Head of Defence Forces seeks to address commission directly over pay

‘There is an inextricable link between pay and being valued,’ says Mellett

 Vice Admiral Mark Mellett, Chief of Staff of the Defence Forces, and Lt Col Colm Ó Luasa at the annual conference in Breaffy House Hotel, Castlebar, Co Mayo. Photograph: Keith Heneghan

Vice Admiral Mark Mellett, Chief of Staff of the Defence Forces, and Lt Col Colm Ó Luasa at the annual conference in Breaffy House Hotel, Castlebar, Co Mayo. Photograph: Keith Heneghan

 

The head of the Defence Forces has sought to make a verbal submission to the Public Sector Pay Commission because of the seriousness of the military pay issue in the view of himself and senior colleagues.

Chief of Staff of the Defence Forces Vice Admiral Mark Mellett declined to use the word “crisis” saying he preferred to say the military was facing serious “challenges”.

He was speaking on Tuesday before addressing the annual conference of PDforra, the Defence Forces’ rank-and-file representative body, in Castlebar, Co Mayo.

His remarks came in the wake of two Naval Service vessels being unable to put to sea last week because of crew shortages, and reservists being used to fill crew gaps on another vessel.

The problems prompted Vice Admiral Mellett and his assistant Chief of Staff, Brig Gen Peter O’Halloran, to hold emergency talks last Friday with the Naval Service Flag Officer Commanding, Cdr Mick Malone.

He said safety was a factor in a captain deciding whether to put to sea. Every captain carried out a risk assessment and, if not satisfied it was safe to set sail, they did not. Reservists had been used in the past and it was a welcome opportunity for reservists to contribute.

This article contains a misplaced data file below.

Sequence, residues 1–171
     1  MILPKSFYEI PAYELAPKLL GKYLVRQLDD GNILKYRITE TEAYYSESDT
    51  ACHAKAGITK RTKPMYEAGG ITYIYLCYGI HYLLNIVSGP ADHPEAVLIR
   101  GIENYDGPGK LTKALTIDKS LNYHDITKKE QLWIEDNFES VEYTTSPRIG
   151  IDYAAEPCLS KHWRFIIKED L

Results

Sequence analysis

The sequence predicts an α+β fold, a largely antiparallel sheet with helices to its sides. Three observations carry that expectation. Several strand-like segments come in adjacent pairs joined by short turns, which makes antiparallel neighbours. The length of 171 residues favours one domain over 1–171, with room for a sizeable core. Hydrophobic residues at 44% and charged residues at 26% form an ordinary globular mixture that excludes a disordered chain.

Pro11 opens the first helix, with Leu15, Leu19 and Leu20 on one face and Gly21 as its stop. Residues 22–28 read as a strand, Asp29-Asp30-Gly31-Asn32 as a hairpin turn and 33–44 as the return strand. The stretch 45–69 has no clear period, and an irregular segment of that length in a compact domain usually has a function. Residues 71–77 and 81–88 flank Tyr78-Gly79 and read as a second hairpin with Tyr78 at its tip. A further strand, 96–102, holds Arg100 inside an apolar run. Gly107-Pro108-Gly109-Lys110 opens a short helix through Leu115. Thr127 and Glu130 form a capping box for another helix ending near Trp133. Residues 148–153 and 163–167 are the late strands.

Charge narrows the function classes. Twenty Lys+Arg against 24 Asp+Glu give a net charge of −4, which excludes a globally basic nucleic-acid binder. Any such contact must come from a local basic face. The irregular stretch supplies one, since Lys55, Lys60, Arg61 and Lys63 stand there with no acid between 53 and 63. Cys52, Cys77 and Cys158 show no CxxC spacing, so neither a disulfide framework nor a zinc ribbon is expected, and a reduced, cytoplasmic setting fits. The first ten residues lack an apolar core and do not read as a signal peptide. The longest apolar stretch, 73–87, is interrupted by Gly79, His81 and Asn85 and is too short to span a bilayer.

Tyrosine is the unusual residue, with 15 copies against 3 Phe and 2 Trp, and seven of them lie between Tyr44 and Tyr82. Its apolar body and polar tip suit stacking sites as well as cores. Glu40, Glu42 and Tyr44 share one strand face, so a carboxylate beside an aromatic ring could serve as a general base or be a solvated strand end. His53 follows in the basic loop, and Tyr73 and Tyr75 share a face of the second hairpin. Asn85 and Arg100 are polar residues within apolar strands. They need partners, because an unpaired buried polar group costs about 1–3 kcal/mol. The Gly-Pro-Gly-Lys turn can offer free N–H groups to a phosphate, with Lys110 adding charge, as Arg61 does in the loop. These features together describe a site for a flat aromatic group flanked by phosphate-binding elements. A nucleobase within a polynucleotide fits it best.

The three branches of the Defence Forces needed sufficient people to function and he was “working at every available opportunity to address those challenges”.

He said: “We have been recruiting over the recent years in record numbers. We are endeavouring to retain our people [but] I understand in an economy that is buoyant there are unprecedented opportunities for highly skilled people in the Defence Forces.”

The loyalty that serving members of the Defence Forces showed to the State had to be reciprocated and pay was the number one issue for serving soldiers, sailors and Air Corps personnel.

He said there were 630 Defence Force personnel currently serving in 13 missions in 13 countries, and the Naval Service had rescued 18,000 people in the Mediterranean.

“I think that the loyalty of the Defence Forces is beyond question but I would just like to see the reciprocity in terms of that loyalty. . . I have a responsibility to show that members of the Defence Forces are valued and where I can do that within my own remit I do it.

“But where there are challenges beyond my competence, I give the advice and I do that as a responsibility to Government and I have given that advice.”

Worst pay

Pay was “the biggest challenge” he said, noting that Defence Forces remuneration was the worst in the public sector. He said in a buoyant economy replete with private sector opportunities, recruitment was not keeping pace with numbers exiting the service.

Sources suggest that by asking to address the pay commission in person, Vice Admiral Mellett would be able to get his message across unfiltered by others. The Public Service Pay Commission is the body set up to advise Government in relation to public service pay.

Addressing delegates, he praised them for their physical and moral courage and service. He said in a healthy organisation, pay would be issue four or five and not the number one issue.

“There is an inextricable link between pay and being valued,” he said. “So what I and the general staff can do, and what I and the general staff actually do is to advocate on behalf of the forces. I wish to assure you that no opportunity to advocate on pay and conditions has been missed.”

The pay commission is due to report next year and senior officers hope the opportunity to address it will materialise in the coming months.